I recently read about an impressive, three-unit residential building in Portland, Maine through an article by Seth Koenig in the Bangor Daily News. After a little digging, I learned the project is spearheaded by Paul Ledman and Colleen Myers, as owners and developers, Mike White of Island Carpentry, the general contractor, and Kaplan Thompson Architects, the architectural firm. Ledman wanted a future-forward building and ended up with something that doesn’t use fossil fuels.
Carolyn and Kyle Cave, both university professors in Hadley, Massachusetts, built this super-insulated home to minimize energy consumption. Then they dropped a 20kW solar PV array on the roof and now use energy from the sun to generate a surplus that also powers this tiny little Wheego LiFe electric vehicle. I was able to ask Carolyn Cave a few questions about their solar-powered situation, and this is a portion of that response:
The biennial Solar Decathlon finished today and teams will begin the grunt work of taking their homes back or sending them off if the homes were acquired. As we’ve done in the past, here’s a short roundup of all 19 Solar Decathlon homes for 2011. The competition fosters the design, build, and operation of net-zero energy homes that are cost-effective, energy-efficient, and attractive. Maryland won the entire competition, and Appalachian State was given the People’s Choice Award.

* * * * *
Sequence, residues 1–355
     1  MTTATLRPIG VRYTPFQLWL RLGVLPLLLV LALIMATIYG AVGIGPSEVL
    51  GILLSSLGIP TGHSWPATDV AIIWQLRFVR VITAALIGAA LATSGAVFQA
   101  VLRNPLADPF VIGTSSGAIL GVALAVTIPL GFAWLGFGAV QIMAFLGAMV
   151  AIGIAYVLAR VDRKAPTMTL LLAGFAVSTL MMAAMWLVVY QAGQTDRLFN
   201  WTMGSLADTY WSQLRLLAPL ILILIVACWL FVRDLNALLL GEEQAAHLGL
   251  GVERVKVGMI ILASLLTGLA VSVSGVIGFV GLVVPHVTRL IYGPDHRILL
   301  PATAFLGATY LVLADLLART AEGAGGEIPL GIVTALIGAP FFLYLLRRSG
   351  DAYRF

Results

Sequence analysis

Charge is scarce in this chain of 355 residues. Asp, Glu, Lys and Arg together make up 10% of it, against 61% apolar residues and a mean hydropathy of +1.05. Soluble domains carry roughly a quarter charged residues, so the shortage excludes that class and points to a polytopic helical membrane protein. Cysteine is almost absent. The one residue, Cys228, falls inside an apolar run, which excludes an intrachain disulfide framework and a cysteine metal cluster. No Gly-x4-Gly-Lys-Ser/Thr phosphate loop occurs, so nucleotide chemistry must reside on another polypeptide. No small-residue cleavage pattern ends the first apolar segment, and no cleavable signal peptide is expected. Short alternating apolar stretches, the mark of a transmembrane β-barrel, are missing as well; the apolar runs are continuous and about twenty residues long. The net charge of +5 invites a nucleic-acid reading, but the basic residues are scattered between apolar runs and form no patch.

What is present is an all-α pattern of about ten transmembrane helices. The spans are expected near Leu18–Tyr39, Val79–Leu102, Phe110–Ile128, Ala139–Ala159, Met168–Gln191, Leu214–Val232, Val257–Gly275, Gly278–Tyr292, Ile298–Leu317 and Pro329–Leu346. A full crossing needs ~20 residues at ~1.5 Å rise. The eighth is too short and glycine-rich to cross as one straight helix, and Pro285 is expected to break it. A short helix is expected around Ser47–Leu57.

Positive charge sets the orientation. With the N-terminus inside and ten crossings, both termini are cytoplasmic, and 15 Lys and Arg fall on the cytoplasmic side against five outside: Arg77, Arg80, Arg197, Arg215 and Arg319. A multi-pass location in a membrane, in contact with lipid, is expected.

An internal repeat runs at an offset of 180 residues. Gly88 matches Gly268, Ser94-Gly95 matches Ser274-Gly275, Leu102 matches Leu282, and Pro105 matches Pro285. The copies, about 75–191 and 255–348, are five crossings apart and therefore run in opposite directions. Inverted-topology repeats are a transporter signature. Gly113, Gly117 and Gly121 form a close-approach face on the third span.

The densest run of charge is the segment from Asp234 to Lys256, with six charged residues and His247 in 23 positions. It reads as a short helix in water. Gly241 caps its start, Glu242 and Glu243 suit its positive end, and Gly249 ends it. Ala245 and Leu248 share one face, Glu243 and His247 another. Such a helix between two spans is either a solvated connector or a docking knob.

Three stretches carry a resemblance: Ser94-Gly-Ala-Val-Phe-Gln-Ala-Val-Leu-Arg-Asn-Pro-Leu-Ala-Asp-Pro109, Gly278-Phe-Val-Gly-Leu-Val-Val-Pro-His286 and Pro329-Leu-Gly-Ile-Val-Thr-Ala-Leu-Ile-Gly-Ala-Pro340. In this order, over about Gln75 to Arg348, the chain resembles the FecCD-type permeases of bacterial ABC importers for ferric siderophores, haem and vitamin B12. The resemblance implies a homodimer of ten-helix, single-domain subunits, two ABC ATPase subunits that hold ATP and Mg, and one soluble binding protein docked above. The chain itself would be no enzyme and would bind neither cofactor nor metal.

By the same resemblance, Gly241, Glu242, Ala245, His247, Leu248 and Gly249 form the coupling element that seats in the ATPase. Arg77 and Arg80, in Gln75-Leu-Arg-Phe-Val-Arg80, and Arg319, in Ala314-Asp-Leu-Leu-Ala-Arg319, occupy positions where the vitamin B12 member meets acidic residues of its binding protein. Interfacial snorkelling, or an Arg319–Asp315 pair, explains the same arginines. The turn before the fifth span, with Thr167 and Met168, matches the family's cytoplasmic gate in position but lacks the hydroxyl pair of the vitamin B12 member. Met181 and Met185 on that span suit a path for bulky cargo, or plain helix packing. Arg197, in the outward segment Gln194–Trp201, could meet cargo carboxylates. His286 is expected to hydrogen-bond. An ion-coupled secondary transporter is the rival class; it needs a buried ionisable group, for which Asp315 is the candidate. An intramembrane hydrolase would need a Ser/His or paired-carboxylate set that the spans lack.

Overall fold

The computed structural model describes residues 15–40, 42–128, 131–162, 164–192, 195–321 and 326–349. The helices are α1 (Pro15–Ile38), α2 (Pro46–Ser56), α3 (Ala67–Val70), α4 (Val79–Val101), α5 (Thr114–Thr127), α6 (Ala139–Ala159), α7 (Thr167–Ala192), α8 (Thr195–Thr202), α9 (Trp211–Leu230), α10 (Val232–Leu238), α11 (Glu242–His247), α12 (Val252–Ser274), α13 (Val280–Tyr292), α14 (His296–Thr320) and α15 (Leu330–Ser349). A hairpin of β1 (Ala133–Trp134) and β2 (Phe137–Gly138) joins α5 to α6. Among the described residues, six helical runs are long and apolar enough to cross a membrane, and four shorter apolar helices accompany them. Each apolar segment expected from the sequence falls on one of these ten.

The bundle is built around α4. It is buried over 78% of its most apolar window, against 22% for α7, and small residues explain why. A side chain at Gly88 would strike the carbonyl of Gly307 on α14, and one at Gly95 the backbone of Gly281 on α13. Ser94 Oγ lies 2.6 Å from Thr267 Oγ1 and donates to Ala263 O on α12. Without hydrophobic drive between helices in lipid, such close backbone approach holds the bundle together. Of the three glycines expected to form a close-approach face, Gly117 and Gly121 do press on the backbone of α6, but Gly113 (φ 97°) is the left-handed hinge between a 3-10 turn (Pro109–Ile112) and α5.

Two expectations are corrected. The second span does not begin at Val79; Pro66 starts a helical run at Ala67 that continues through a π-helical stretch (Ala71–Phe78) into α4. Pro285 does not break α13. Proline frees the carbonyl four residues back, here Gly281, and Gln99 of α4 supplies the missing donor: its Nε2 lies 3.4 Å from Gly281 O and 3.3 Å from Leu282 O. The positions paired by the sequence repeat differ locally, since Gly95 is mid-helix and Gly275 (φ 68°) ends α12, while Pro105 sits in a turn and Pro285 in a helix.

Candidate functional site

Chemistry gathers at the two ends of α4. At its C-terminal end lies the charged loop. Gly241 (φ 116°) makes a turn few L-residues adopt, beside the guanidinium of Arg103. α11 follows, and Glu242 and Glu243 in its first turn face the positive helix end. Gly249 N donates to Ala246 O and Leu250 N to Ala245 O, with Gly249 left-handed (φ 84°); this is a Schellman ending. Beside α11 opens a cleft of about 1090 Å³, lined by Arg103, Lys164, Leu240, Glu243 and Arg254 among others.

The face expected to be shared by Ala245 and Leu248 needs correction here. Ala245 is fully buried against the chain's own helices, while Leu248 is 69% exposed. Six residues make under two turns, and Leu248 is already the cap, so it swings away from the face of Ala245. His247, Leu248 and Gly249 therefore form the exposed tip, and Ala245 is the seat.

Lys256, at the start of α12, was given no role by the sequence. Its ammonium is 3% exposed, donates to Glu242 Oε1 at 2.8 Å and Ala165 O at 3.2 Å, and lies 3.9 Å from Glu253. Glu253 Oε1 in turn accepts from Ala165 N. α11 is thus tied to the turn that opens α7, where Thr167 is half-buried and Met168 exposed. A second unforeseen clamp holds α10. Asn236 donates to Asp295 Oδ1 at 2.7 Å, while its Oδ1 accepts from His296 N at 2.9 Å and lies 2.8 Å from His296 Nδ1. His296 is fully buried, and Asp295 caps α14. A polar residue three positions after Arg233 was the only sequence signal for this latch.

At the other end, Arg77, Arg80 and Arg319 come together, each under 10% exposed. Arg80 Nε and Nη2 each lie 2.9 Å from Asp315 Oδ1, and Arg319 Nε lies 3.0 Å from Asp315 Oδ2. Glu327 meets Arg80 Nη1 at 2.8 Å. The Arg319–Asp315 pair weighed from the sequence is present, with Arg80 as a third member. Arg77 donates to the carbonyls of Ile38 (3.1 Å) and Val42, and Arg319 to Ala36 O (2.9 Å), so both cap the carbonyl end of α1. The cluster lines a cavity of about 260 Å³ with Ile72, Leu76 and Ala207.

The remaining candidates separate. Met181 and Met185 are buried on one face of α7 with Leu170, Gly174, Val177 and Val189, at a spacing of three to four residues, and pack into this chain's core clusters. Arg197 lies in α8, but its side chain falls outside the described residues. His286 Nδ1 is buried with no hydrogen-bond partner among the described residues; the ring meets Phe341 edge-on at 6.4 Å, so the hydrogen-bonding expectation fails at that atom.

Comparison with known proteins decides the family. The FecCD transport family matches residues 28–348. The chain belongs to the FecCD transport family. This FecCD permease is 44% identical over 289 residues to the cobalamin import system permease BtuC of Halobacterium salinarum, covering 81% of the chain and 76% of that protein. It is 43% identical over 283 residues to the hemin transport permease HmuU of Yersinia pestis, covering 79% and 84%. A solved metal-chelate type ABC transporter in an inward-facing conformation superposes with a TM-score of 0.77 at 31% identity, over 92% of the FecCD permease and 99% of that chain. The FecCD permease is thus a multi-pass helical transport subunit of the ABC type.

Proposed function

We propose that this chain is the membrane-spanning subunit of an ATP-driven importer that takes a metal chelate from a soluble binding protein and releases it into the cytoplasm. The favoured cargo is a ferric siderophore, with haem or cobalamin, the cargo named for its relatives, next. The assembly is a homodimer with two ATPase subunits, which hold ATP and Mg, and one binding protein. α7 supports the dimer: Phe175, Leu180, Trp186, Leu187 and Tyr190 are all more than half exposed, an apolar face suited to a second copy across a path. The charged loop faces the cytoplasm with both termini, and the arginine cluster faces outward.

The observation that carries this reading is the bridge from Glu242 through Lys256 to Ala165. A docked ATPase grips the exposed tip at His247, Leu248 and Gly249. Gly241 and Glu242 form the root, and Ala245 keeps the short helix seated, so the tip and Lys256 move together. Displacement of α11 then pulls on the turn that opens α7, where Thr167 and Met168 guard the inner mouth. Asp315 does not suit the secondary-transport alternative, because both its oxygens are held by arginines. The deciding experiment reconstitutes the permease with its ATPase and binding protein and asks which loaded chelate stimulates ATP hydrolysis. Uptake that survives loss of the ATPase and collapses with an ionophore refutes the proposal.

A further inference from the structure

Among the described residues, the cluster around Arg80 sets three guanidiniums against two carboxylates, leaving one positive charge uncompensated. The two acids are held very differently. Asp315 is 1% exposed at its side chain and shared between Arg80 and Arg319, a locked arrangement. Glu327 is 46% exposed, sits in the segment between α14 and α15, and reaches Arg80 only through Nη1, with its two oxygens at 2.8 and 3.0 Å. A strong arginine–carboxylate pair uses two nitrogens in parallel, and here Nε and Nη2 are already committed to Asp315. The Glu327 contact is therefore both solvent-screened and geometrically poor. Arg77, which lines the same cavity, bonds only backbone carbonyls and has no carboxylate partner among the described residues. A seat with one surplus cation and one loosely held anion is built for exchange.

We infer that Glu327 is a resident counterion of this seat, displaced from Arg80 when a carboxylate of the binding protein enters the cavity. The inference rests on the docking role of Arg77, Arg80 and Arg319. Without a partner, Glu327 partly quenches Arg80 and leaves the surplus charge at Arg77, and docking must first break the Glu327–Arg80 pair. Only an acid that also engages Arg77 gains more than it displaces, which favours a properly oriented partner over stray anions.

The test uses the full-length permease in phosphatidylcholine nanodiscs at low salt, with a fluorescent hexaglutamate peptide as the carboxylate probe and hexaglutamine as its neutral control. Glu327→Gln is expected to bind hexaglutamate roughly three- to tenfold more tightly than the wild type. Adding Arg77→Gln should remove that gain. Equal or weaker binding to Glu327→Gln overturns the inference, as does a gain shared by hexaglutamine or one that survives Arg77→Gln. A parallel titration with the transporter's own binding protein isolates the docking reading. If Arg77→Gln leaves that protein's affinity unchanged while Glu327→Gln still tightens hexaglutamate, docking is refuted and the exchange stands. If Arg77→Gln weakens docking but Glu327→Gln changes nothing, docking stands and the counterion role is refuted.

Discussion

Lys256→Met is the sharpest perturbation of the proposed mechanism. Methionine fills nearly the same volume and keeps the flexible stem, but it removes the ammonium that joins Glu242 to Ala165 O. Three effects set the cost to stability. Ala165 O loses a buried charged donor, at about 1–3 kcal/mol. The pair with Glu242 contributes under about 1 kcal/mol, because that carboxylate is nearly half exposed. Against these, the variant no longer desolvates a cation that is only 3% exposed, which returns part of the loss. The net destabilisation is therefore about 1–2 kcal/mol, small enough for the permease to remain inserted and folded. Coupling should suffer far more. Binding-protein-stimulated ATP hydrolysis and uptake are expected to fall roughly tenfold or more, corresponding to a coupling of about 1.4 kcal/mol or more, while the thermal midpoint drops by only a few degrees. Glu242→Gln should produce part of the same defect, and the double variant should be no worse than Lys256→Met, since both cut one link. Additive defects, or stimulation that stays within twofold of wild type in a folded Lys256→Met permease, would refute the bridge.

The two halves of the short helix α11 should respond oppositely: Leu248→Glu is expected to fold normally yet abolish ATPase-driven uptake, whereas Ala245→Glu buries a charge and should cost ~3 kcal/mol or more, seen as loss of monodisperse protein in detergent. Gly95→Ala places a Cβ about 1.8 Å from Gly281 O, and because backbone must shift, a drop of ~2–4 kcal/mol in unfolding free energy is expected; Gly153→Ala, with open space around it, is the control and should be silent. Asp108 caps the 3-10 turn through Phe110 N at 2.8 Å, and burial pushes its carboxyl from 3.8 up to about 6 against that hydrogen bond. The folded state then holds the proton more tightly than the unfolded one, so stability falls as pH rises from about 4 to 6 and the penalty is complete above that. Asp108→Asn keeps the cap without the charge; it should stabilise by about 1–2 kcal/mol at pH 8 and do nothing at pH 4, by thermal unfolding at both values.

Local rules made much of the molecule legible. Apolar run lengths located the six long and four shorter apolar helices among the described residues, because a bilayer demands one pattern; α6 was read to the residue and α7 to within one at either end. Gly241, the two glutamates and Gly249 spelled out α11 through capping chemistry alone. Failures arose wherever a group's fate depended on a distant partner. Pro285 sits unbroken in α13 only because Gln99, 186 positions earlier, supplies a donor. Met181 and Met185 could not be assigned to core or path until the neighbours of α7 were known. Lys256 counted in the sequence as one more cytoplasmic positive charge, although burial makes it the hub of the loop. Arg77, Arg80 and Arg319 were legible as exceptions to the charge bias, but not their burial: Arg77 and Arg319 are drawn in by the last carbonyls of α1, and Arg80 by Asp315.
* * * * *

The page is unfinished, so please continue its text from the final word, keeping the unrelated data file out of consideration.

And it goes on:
zHome is a contemporary, new, townhome development in Issaquah, Washington. The homes go on sale this month and have received national attention, such as in the video embedded below with the Wall Street Journal. Homes in this community will use zero net energy — after considering all energy used and produced during a year — and zHome may just be the first townhome project in the country to achieve such a feat.
KB Home, a publicly-traded home builder with its headquarters in Los Angeles, this month announced the nationwide roll out of net-zero energy home designs called ZeroHouse 2.0. The standard KB Home with Energy Star certification is built to save homeowners about $1,000 in average annual energy costs, while a ZeroHouse 2.0 design is expected to eliminate monthly electricity charges.